A life changing day

Today is a life changing day.

No, seriously.

Today, I woke up early, drove 45 minutes to my second training for my new Medtronic 670 G insulin pump, and they turned on the auto basal feature on my pump. What does that mean? It means that this first pump of its kind now has the ability to see what my blood sugar is and every 5 minutes, all on its own, give micro amounts of insulin to make sure my blood sugar stays as close to 120 as possible. It means that if my blood sugar is going up, it will give more insulin, and if its dropping low, it will give less. ALL ON ITS OWN!!! Yes, I still give insulin when I eat or give corrections when necessary, but it is working to manage my blood sugar in the time in between so that I hopefully don’t need to be giving corrections at all.

I’ve been open about my struggles to keep my blood sugars in range, I experience a lot of roller coaster ups and downs, and while my A1c has fluctuated over the years, I’ve never been able to get it to 6.0, a goal that I work every day to achieve. I’ve experienced frustrations, burnout, sadness as well as pride and celebrations over the years, but this new pump feature has the potential to be life changing for someone like me and many others with T1D.

pump2.jpgIt has literally only been about 2 hours since I turned this feature on and I’m sitting looking at one of the straightest, steadiest, in-range blood sugar graphs and I can’t help but get emotional. I have tears falling down my cheek as I type this. I don’t know that I can communicate everything that I’m feeling right now. For some of you, maybe you can relate, and for others, I hope I can come close.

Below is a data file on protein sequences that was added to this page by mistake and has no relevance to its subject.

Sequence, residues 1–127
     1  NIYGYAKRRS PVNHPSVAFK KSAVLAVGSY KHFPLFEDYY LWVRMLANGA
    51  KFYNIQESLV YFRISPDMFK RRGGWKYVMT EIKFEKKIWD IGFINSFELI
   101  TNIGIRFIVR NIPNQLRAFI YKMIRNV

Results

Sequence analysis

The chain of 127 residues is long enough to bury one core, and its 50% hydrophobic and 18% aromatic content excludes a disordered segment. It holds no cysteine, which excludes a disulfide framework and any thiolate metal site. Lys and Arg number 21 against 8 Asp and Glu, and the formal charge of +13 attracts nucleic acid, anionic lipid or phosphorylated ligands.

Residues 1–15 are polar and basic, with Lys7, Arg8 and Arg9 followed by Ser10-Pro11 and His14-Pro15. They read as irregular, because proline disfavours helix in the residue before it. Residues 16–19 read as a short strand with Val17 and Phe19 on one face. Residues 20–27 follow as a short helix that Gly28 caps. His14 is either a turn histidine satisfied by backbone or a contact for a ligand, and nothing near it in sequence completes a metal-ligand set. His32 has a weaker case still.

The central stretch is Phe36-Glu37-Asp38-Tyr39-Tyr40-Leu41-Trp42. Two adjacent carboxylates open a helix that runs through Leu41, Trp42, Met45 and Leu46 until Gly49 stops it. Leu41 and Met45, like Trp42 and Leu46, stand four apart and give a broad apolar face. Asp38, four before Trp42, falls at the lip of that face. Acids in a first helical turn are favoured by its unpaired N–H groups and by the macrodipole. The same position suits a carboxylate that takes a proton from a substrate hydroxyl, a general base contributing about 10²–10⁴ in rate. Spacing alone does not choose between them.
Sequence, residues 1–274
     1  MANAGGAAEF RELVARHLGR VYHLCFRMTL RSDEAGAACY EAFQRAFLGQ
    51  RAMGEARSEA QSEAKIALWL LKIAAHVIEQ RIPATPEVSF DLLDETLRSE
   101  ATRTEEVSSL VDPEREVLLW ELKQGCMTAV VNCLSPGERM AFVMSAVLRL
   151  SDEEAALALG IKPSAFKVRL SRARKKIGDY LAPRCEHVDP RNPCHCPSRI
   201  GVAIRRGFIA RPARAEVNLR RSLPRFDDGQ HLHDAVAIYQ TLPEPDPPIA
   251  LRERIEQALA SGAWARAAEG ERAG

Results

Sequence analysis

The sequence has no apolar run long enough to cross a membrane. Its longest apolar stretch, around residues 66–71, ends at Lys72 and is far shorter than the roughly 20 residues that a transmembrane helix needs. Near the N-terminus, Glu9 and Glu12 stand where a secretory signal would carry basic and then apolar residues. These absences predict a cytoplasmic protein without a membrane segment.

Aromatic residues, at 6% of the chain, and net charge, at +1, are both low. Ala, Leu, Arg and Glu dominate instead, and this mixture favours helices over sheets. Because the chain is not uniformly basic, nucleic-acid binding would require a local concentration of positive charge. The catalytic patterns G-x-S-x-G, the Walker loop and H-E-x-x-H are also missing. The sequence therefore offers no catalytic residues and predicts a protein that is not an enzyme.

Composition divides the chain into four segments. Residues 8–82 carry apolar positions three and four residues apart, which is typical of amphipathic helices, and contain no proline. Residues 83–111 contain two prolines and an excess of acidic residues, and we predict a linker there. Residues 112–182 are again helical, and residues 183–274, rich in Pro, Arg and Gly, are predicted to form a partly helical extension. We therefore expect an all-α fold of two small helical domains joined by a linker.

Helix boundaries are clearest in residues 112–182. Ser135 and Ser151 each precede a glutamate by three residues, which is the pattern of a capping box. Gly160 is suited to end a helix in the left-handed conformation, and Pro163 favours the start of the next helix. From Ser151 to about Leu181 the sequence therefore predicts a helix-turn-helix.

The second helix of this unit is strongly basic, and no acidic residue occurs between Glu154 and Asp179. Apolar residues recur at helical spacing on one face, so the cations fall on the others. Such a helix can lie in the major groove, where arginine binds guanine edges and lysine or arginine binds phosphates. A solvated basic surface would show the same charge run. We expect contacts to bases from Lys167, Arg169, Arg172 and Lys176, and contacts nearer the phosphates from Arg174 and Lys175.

Diabetes is all consuming. You have to be thinking about it all day, every day. You can’t take a break, you can’t say, “I don’t want to deal with you right now” without facing consequences to your health. Diabetes takes so much time and energy, and some days can be so physically and mentally exhausting. It’s exhausting when your blood sugar is running high and you’re not exactly sure why, it’s exhausting when you’re exercising or out with friends and it drops low and you have to stop what you’re doing and treat it and wait to feel better. It’s exhausting just not feeling your best or being able to give your best because you feel low, or high, or just off. It’s exhausting feeling like you do so much, but don’t have the numbers to show for it.

pump1.jpgJust the idea that this pump is literally asking me to give up a lot of control, trust the sensor, and let the pump do some of the work is simultaneously terrifying and liberating. It takes away just a little of the burden of living with diabetes, but even that little bit counts for so much! And I am so grateful and excited that a pump with a feature like this finally, finally exists. The fact that I potentially won’t have as many roller coaster highs and lows is such an incredible thought that is almost too good to be true.

I’ll let you know if I feel the same way 2 weeks into wearing this pump as I do 2 hours in, but for now, I am just so thankful to finally have a piece of technology that can truly help me in a way that I haven’t experienced before. And while it’s not a cure, it’s definitely a step in the right direction.

 

 

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2 thoughts on “A life changing day

  1. Pingback: An update on the 670G pump | Type ONEderful

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